Insurance & Technology is part of the Informa Tech Division of Informa PLC

This site is operated by a business or businesses owned by Informa PLC and all copyright resides with them. Informa PLC's registered office is 5 Howick Place, London SW1P 1WG. Registered in England and Wales. Number 8860726.

Policy Administration

03:40 PM
Connect Directly

Technology Factory

Enterprise technology orientation, development methodologies, project management discipline and astute staff development drive John Kellington's record of success at Ohio Casualty.

Click here to listen to podcast
Sponsored by IBM

One of John Kellington's most powerful professional memories hearkens to an argument he had with a fellow IBM executive in Europe some years ago. The specifics have become hazy over time, Kellington says, but he remembers an "aha" moment, triggered by a colleague making a point about insurance enterprise technology models. "I thought, 'Oh my gosh! That could really change how we design insurance systems,'" Kellington recalls. "Based on that moment, I did some work with Java and developed some prototypes that eventually evolved into Ohio Casualty's PARIS system."

Built on Java, IBM's (Armonk, N.Y.) WebSphere and DB2, and based on the vendor's Insurance Application Architecture (IAA), PARIS is the jewel in the crown of Kellington's achievements at Fairfield, Ohio-based Ohio Casualty Group ($1.45 billion in written premium), which he joined in 2000. Since its initial rollout in 2001, PARIS (policy administration, rating and issuance system) has replaced five legacy systems associated with the carrier's auto, home and business insurance products. Kellington's other accomplishments include helping Ohio Casualty become one of the first carriers to introduce a Web service for an inquiry transaction (nearly five years ago) as well as pioneering quote and issue of personal lines policies from an agency management system -- not for just one, but for five different systems.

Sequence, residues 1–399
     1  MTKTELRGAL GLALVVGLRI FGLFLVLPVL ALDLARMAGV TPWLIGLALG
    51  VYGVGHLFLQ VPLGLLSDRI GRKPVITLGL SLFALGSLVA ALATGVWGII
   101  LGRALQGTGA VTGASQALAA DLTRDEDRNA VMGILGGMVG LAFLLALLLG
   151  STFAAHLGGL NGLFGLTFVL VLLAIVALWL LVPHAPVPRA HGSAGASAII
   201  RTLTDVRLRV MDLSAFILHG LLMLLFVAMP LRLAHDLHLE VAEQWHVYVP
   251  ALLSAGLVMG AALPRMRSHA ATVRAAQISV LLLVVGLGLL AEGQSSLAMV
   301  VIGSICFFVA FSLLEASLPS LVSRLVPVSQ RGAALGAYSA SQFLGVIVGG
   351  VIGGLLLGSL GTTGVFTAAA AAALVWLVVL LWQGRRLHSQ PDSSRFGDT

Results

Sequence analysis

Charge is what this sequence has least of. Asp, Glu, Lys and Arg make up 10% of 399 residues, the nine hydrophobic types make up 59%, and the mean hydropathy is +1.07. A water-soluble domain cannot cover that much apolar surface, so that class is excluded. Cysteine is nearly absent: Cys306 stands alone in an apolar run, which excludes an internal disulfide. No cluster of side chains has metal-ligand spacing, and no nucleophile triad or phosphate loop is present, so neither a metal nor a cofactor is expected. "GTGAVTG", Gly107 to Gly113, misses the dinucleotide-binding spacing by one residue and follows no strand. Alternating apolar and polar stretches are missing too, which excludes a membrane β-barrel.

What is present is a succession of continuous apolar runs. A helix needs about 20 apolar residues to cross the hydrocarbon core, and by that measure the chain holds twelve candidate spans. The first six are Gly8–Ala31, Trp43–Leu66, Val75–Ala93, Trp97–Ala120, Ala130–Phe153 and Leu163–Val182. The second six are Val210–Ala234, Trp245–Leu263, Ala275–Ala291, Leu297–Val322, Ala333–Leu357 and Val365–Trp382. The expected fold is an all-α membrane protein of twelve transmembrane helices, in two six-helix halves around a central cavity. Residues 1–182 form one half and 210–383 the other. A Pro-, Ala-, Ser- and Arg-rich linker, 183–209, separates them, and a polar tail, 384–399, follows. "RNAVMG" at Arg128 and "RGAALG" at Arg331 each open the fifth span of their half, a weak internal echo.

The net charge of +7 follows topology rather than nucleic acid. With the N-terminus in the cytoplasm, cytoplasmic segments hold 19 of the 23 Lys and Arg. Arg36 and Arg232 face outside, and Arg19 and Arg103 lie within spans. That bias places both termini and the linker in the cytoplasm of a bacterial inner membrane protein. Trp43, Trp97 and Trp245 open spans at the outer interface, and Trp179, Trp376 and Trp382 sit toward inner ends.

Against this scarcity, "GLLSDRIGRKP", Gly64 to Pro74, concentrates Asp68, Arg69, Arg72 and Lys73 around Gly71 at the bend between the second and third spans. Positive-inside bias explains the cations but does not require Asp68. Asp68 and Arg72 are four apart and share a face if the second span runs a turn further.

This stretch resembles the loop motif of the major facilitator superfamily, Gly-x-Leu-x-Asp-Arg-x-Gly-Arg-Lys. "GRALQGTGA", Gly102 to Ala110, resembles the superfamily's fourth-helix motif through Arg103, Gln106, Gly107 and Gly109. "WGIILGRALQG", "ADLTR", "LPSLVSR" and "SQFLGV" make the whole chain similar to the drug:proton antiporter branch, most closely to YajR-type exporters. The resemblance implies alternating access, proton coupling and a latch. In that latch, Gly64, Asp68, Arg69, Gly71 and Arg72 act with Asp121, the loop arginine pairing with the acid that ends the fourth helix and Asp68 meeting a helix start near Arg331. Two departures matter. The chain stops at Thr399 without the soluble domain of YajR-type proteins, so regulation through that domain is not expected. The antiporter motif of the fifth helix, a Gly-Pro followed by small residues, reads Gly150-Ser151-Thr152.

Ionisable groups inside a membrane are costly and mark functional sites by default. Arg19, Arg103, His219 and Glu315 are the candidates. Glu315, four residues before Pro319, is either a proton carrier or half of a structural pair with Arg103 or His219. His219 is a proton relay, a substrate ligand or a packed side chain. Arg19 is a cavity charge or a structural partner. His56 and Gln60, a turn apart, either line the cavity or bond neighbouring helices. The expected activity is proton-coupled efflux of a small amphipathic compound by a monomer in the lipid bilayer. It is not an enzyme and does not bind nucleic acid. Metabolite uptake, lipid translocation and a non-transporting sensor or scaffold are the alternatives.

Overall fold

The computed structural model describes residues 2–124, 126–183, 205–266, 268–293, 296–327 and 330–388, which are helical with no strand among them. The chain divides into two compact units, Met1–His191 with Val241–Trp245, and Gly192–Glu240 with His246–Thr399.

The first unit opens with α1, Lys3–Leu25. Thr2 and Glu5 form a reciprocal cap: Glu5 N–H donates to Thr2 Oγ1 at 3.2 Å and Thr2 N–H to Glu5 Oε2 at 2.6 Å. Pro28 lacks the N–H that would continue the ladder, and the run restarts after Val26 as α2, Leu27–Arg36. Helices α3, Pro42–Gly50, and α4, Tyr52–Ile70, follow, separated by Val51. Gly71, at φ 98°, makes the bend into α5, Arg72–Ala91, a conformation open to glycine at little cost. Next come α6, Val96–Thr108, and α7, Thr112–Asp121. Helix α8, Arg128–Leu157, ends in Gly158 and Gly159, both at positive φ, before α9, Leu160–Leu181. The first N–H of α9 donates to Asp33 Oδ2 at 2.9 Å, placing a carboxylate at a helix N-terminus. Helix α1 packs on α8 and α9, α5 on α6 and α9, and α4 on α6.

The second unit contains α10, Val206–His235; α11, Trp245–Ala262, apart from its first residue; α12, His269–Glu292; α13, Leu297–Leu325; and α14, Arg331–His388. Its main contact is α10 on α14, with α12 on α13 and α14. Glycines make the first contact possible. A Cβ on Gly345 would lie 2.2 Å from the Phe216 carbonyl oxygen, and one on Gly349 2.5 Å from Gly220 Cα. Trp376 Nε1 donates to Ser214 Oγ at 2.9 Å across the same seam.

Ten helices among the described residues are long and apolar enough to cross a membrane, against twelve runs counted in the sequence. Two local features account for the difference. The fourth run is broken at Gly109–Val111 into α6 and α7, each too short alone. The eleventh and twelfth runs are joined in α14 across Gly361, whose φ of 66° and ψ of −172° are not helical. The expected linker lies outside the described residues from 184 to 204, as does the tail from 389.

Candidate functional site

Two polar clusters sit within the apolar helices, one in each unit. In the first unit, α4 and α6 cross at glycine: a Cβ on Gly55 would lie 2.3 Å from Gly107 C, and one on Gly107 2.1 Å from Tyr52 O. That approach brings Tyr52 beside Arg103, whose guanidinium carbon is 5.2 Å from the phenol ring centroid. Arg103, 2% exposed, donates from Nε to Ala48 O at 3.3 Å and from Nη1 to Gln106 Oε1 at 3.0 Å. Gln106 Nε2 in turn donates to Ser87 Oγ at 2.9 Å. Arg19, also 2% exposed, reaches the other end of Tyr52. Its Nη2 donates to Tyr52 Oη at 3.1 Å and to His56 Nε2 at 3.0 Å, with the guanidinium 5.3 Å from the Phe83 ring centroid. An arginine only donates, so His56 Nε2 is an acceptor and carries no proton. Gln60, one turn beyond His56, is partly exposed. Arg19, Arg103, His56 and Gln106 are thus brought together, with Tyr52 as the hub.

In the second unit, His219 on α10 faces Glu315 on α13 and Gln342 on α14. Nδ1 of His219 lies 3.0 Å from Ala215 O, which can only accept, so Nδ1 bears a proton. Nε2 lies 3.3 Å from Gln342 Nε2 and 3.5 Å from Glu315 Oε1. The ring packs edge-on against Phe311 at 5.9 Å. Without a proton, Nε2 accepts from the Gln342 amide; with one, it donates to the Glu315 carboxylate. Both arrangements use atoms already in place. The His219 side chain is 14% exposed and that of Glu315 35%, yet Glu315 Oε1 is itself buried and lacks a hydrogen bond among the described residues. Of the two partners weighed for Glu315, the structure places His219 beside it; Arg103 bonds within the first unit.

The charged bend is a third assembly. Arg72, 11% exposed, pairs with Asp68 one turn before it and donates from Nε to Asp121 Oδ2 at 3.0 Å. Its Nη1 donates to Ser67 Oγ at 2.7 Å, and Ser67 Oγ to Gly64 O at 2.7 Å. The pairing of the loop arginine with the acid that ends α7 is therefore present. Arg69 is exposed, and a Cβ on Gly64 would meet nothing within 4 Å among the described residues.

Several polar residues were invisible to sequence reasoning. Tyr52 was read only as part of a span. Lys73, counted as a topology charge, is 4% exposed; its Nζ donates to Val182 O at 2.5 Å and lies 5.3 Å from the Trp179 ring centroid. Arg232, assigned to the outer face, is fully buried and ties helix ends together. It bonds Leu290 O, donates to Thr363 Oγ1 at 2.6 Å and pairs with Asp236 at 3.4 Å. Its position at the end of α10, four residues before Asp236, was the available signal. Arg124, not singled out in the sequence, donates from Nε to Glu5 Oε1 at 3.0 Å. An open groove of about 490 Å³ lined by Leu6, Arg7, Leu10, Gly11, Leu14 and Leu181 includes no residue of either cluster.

Holistic View

In an age of "buy versus build," Kellington's successes are all the more remarkable. But they reflect his technology-focused origins and, in particular, his work on IBM's enterprise-oriented IAA. "If you are focused on any one area of systems -- whether policy admin, claims or billing -- you might have one perspective. But when you step back and look holistically at insurance capabilities you get a different one," Kellington explains. "Having that deep experience in enterprise models gave me an important perspective on how insurance systems could be designed to maximize their effectiveness."

Working as a consultant on legacy migration and other initiatives for large insurance carriers helped to cement in Kellington a strong customer orientation, which has shaped his philosophy with regard to the proper relationship of technology to business. "Ohio Casualty has great insurance skills and has always been known for excellent underwriting," he comments. "But my organization is a software development and systems deployment organization that happens to be working for an insurance company."